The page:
The failure of Silicon Valley Bank (SVB), the first US bank to fail since 2020 and the largest since 2008-2009, has rocked the banking and finance world. With a legacy of $209 billionthe bank has focused on banking for the technology industries. This operating model, which has historically delivered strong revenues and rapid growth, has resulted in a decrease in sponsorship funding and an increase in cash burn at startup, resulting in an outflow of deposits from the bank.
To deal with the cash outflow, the bank had recently sold a large portion of its available-for-sale securities at a loss and attempted to raise additional capital to compensate, but this resulted in a loss of confidence and a bank run. . . This also led to a significant sell-off in the banking sector in the US and beyond, as investors feared other financial institutions would have significant unrealized losses on their balance sheets due to significantly higher interest rates.
However, according to experts, US banks generally have sufficient liquidity and stable funding and capital to weather this market turmoil. Some banks are expected to reposition themselves by selling lower-yielding stocks and reinvesting the proceeds in higher-yielding assets, thereby incurring losses. As analyzed by morning starthe banks covered by the universe are able to absorb these potential losses with income and strong capital buffers.
Why Did Silicon Valley Bank Fail?
There are some very specific circumstances surrounding the insolvency of SVB, but it is clear that the sudden rise in interest rates was a key factor. Rapidly rising interest rates, coupled with rapid growth and a very limited business customer base, have resulted in deposit balances well above the legal limit. Federal Deposit Insurance Company.
On the other hand, experts say that bank balance sheets in the US remain strong, with ample liquidity and stable funding. Deposits remain higher than before the pandemic, with a loan-to-deposit ratio of 69% in 2022, which is still higher than the pre-pandemic level of 76% in 2019. However, these deposit funding levels could see an increase of the deposit beta when interest rates rise.
After the insolvency of the SVB e signature bankUS regulators announced that all depositors of both banks will have access to their capital.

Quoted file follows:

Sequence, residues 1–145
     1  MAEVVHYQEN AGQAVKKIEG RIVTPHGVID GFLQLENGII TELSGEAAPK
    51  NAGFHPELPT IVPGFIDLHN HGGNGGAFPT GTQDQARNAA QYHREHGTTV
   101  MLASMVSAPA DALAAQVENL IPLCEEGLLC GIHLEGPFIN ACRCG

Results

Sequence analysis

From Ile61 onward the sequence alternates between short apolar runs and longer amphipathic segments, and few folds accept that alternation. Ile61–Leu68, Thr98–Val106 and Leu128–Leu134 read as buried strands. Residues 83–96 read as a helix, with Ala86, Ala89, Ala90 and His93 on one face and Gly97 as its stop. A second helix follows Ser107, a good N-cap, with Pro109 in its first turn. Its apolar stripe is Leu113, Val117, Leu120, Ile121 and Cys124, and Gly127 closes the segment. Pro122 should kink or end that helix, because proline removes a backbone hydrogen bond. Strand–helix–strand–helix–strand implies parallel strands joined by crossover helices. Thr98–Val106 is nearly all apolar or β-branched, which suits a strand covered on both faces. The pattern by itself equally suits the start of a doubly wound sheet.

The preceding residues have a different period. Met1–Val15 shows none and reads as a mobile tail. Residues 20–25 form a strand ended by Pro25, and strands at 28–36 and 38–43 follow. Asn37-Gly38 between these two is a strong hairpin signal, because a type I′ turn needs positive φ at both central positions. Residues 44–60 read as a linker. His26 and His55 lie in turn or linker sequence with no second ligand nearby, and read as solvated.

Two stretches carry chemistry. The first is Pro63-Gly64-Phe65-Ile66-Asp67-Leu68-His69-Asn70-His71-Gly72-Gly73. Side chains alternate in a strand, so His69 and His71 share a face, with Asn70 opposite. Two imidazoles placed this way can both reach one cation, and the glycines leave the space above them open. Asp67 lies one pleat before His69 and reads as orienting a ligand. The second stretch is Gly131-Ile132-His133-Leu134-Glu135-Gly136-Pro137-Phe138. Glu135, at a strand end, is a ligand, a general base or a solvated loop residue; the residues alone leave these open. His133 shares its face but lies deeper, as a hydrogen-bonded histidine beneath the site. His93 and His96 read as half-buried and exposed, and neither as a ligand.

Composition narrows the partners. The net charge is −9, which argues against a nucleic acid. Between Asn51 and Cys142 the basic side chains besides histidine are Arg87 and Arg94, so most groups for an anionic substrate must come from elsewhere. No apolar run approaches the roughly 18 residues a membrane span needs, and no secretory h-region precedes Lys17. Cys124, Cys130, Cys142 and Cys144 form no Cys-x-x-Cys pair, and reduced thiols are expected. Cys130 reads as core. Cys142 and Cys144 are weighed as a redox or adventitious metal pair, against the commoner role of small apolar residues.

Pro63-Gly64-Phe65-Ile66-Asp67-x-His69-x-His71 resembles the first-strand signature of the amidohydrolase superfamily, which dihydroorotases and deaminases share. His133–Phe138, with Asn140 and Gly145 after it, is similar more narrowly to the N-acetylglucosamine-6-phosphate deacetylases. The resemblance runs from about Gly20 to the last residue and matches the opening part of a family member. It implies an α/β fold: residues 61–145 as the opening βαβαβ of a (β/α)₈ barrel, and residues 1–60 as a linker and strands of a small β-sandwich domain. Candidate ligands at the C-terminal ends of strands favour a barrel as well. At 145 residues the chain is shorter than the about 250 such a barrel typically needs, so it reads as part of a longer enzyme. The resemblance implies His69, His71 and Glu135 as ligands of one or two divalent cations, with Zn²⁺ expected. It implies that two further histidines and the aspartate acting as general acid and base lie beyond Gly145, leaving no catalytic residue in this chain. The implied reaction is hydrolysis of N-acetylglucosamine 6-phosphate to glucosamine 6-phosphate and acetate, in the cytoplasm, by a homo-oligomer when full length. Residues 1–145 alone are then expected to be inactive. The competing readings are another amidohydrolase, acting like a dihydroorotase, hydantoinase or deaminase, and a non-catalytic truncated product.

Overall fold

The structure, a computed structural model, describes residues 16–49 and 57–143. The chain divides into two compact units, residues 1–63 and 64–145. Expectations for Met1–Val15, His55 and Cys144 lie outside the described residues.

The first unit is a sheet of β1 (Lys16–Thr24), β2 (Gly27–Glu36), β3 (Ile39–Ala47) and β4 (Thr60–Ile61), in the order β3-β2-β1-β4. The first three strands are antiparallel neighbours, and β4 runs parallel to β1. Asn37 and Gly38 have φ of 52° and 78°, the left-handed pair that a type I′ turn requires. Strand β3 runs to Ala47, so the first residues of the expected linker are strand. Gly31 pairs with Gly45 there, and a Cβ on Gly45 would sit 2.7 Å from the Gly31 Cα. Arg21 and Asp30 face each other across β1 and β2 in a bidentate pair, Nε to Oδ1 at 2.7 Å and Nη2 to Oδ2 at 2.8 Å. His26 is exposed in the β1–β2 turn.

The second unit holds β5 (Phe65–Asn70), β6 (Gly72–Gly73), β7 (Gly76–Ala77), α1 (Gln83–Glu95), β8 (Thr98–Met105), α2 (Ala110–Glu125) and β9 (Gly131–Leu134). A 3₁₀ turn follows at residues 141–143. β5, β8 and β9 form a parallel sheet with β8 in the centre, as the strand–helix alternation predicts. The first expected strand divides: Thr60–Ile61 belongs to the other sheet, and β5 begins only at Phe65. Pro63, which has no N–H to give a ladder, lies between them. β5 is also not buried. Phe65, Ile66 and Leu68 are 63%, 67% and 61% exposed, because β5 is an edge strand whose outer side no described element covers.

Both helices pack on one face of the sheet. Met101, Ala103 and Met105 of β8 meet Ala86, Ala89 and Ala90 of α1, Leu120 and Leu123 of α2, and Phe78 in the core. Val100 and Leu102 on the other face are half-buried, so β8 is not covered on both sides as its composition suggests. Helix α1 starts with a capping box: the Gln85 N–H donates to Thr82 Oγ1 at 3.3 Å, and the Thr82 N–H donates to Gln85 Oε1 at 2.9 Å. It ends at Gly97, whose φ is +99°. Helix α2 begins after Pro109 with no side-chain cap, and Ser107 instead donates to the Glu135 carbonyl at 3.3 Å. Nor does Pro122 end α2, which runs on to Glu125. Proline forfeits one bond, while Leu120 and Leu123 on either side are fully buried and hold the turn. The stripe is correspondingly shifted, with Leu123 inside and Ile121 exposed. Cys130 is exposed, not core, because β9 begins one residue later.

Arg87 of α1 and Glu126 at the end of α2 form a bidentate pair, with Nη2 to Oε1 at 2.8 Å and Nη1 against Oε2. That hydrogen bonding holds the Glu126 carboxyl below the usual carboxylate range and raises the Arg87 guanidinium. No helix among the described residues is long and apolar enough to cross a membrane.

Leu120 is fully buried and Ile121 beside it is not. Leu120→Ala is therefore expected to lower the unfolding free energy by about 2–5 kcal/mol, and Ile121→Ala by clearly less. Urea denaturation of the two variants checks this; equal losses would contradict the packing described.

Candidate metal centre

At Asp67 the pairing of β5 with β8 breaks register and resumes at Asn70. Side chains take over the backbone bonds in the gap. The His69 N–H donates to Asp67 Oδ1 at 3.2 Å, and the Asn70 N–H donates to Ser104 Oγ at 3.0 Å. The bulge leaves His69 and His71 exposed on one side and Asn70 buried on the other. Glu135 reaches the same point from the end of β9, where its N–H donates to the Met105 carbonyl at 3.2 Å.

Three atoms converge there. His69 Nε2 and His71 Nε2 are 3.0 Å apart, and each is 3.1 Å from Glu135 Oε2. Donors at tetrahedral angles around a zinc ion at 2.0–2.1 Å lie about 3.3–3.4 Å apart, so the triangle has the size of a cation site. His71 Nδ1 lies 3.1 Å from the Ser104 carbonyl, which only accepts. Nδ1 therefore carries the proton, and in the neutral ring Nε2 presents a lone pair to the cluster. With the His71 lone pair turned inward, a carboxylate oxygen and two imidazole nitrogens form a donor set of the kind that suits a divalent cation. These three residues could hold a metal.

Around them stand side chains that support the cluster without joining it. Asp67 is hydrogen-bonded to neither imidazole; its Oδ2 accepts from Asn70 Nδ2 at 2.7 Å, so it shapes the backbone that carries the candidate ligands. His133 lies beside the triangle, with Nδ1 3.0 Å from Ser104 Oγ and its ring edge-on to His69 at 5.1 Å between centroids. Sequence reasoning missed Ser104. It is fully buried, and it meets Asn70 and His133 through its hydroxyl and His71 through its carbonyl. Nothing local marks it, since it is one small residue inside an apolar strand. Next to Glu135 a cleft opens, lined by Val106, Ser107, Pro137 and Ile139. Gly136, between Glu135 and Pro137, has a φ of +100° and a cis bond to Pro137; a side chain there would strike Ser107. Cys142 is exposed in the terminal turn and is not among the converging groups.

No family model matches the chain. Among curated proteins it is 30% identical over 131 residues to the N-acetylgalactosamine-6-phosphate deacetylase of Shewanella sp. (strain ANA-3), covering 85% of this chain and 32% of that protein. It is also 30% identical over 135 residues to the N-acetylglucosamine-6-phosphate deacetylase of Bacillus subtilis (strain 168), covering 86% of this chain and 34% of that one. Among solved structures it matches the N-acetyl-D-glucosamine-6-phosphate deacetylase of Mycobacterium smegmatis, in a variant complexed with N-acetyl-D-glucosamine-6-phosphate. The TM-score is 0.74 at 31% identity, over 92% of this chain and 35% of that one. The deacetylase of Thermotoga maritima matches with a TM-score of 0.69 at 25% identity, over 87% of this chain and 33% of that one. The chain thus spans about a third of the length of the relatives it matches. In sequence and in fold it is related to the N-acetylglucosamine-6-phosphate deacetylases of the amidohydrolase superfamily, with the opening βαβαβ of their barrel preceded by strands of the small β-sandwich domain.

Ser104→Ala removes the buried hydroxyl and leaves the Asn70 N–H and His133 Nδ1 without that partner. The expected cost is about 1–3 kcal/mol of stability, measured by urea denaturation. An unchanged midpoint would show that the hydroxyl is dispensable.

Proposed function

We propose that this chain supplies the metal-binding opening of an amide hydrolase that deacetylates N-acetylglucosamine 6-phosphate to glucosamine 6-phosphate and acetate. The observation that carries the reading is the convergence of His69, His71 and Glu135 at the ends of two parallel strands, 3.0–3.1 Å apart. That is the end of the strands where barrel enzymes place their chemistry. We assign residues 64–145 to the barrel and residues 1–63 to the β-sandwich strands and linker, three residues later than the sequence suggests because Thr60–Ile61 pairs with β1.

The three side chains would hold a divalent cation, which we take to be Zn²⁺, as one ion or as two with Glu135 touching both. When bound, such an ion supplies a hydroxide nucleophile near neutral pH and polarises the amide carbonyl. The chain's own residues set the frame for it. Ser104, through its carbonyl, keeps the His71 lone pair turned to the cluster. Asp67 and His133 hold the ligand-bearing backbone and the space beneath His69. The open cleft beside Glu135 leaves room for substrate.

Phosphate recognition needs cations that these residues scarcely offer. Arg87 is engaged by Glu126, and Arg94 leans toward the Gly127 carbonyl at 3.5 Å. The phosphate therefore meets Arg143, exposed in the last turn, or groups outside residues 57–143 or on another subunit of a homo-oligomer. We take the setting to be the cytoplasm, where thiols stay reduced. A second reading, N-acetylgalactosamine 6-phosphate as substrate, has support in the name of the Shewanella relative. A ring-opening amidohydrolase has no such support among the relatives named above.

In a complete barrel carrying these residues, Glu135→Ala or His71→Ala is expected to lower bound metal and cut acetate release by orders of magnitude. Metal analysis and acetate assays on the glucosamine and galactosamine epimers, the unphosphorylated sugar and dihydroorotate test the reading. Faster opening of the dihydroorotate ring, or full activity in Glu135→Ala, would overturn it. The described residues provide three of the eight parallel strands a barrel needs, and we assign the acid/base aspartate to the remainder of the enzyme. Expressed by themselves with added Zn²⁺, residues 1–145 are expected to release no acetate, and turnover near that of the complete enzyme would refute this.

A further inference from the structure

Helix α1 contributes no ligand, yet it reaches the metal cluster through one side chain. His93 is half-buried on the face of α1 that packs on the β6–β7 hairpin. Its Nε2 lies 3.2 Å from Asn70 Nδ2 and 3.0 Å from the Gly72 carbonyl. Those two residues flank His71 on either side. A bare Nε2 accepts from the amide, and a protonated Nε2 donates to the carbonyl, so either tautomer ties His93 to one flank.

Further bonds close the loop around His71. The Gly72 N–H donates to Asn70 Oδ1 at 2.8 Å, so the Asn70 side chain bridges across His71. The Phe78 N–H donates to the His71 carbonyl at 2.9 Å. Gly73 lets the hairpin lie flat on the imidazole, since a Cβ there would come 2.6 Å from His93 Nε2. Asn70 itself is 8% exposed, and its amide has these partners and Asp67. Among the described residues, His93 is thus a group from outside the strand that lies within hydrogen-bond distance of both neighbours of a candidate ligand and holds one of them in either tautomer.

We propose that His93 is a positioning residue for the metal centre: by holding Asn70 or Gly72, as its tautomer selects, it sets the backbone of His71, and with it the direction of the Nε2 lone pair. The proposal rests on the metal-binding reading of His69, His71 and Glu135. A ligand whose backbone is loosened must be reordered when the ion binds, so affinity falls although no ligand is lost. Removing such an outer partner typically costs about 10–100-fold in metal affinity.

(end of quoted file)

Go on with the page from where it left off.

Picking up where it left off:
Is insolvency a problem for European banks?
We quote an expert comment Emiliano CarchenOliver Wyman Financial Services Partners:
“The SVB does not represent a wake-up call for the European banking system. The California bank had unique characteristics, such as the size of the deposits (making them nearly exempt from guarantees and more exposed to bank runs), the concentration/type of depositors (not just corporates but almost all tech players in the valley) and less stringent regulatory requirements than European ones. This has made SVB’s profitability ‘liability-driven’ in contrast to universal and diversification banks which are structurally ‘asset-driven’ and benefit from the spread widening (beta of assets > beta of liabilities). SVB, on the other hand, has grown and thrived during the negative interest rate era.
However, the bankruptcy of the SVB can help us understand the magnitude of the changes that the macroeconomic scenario is bringing to the banking system and underscores the importance that financial dynamics and demand position models, IRRBB, ALM, funding strategy, etc. They must have in the maintain the excellent profitability of 2022 for years to come. To address this shift, the integration between industrial and financial planning needs to be improved and there needs to be a more fluid dialogue between the business, risk and finance functions in relation to the scenario and possible strategies for responding (e.g. by adopting “stress” Scenarios generally considered credible by these functions).
This will be particularly important for banks whose profitability is more exposed to discontinuous events that will impact the system in the coming months, such as those whose interest rate margin is more dependent on securities/TLTRO, or those with a higher incidence of wholesale financing. In addition, there are financial players whose business model has been shaped and grown during the hyper-liquidity regime of recent years and who – for the first time – have to face this new economic phase.”